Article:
3. April 11, Port Chalmers We docked in Port Chalmers, near Dunedin in the South Island. The port had stacks of logs awaiting shipment, and their smell, combined with the tree-covered hills made me think of the Pacific Northwest or Alaska. The port is about 43 degrees south latitude, about the equivalent of northern California/southern Oregon, but it is colder because of Antarctica, and seems to have a climate more like Juneau or Sitka. We had booked a ship’s excursion called “Otago Peninsula Yellow-Eyed Penguin Reserve.” We had discovered when we bought New Zealand currency before the trip that the bird is on the New Zealand $5 bill. From Port Chalmers, we rode a bus about an hour or so through Dunedin and around to the Otago Peninsula to Penguin Place. We got an orientation talk, and were able to see several of the yellow-eyed penguins in the rehab facility, recovering from wounds or whatever. Then, we walked a way to a trench network to look for penguins in the wild. They were mostly gone that time of year, but we found two penguins pretty close to the trench and I was able to get photos through the slots in the trench wall. We then walked around the headland to see the scenery, and found a group of fur seals lying around on the rocks and grass. We were able to get quite close to them without any apparent concern on their part. This excursion’s description said that you would have to climb several dozen steps to visit the trenches. There were many steps, but they were not extreme and we could take our time, so it was not too much of a challenge. It is not for someone with a chair or walker, but someone with a cane might be able to do the walk. Everyone could see the penguins in the refuge, and if you did not feel up to going to the trenches you could wait for the group back at the main buildings. More later, Dave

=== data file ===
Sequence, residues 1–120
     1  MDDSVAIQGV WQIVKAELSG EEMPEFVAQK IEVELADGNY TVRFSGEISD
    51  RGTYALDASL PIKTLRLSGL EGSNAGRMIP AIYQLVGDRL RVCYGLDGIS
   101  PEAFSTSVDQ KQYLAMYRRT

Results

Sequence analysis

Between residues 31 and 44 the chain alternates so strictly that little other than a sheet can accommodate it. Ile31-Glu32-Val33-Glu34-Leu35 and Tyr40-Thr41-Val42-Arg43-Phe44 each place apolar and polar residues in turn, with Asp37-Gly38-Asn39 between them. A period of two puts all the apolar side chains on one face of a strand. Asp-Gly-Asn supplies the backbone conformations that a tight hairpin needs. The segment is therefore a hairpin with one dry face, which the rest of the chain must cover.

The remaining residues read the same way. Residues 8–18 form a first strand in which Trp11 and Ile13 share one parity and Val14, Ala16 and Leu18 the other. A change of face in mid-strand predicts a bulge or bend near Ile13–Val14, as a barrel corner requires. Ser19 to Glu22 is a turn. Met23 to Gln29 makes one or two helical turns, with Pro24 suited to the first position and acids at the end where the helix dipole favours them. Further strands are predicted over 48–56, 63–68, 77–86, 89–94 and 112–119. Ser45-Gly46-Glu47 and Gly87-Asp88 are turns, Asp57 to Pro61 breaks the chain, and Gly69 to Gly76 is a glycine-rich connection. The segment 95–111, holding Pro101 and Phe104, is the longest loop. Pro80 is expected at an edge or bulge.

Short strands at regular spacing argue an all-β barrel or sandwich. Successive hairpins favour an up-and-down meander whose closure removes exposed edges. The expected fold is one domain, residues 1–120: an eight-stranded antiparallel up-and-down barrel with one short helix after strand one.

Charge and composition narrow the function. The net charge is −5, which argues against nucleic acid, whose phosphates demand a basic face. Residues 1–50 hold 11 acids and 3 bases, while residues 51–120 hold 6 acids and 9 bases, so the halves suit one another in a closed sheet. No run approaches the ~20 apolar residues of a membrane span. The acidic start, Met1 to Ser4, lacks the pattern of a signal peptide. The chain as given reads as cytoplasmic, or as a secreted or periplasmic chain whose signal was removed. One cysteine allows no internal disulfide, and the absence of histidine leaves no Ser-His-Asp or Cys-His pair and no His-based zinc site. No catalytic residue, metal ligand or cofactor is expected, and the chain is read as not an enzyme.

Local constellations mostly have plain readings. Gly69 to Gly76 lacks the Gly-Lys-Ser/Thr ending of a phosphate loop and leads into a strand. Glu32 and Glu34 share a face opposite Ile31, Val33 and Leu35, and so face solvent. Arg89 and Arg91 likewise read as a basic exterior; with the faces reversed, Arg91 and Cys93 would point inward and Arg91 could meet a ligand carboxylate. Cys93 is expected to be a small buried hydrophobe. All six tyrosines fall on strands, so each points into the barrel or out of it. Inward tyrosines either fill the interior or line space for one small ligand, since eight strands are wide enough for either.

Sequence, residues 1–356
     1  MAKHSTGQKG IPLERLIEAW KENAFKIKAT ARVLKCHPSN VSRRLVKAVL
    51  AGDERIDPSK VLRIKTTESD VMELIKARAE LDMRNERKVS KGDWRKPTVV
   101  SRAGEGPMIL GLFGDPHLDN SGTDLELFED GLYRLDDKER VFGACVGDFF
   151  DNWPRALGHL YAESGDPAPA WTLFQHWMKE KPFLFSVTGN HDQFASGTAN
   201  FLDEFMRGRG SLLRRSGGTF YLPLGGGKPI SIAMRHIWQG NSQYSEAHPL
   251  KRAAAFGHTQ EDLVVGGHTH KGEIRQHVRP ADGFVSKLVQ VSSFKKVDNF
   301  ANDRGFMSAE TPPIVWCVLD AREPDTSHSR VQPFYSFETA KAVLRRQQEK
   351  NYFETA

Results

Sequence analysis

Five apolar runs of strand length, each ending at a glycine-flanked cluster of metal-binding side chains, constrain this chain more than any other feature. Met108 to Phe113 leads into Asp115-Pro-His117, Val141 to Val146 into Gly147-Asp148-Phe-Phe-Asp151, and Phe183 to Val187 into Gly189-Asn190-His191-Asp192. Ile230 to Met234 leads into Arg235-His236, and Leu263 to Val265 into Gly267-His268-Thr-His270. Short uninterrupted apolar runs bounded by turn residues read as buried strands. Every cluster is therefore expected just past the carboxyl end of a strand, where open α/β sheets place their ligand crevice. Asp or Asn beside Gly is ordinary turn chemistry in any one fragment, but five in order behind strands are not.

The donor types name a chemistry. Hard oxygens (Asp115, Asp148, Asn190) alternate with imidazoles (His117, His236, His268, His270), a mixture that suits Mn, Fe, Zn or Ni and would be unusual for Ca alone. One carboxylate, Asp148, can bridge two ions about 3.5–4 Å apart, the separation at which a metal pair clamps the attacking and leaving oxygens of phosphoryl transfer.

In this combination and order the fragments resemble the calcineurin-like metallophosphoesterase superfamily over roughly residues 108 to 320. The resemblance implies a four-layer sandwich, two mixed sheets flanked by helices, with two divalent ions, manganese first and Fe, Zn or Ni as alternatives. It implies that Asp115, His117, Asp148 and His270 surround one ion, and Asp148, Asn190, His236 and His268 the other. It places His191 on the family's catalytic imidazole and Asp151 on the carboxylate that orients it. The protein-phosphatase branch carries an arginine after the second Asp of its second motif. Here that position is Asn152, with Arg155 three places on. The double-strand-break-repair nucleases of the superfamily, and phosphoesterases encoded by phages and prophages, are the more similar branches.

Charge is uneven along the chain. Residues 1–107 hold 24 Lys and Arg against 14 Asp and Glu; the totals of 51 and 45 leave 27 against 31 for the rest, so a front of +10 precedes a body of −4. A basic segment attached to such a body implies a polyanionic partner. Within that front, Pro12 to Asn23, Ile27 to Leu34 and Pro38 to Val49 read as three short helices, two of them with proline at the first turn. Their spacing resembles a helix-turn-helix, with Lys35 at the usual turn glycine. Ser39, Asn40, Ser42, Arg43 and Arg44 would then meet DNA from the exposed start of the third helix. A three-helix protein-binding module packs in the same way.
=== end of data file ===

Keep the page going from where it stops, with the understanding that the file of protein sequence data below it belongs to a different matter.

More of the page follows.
4. April 7, Embarkation Day We tagged our bags and they were picked up from our room by porters. We had breakfast and coffee and walked a bit, before coming back to the hotel, checking out and taking our carry-on luggage to a waiting area downstairs. When the bus came, we had to identify our main luggage from the bunch on the sidewalk, and then boarded the bus. The bus took us to White Bay pier where Noordam was berthed. The embarkation process was smooth and quick, and we were able to board and go tour our stateroom, a verandah one on the 6th deck, starboard, near the aft elevators. It was the same cabin we had on Noordam last summer, and we asked for it again because of its convenient location. I did not take photos of the Noordam so much, as she is due for major overhaul later this year, and will no doubt change. For this cruise, she still had the Crow’s Nest unaltered, and the Explorations Café and library on the third deck, forward of the shops. There was no librarian but there were still lots of books you could take on a honor system, and there was a paperback exchange case of shelves that was quite active. April 10, Fiordland National Park Yes, New Zealand spells it with an “I” instead of a “j” like Norway does. We spent two days crossing the Tasmanian Sea, and then on April 10 did scenic cruising in the national park at the southwest corner of the South Island. The weather was rainy, and pretty windy in narrow spots, but the scenery was spectacular. But, luckily the Crow’s Nest had not yet been turned into an EXC, and so there were no large display screens blocking the view like there are on Westerdam. About dawn, we entered Milford Sound, with is actually a fjord, and sailed slowly to the end, where some of the passengers debarked on a tender boat to go ashore on an overnight trip to meet the ship the next day in Dunedin. Attached are photos of Milford Sound, the tender boat in the sound, and one showing Noordam in the sound. Later in the day, we also sailed through Doubtful Sound, and then Dusky Sound. Here is another photo, this one from Doubtful Sound. The scenery reminded us a lot of the area around Ketchikan and Juneau. The captain had allowed some of his collection of charts from previous voyages to be displayed in the Crow’s Nest during the scenic cruising: More later, Dave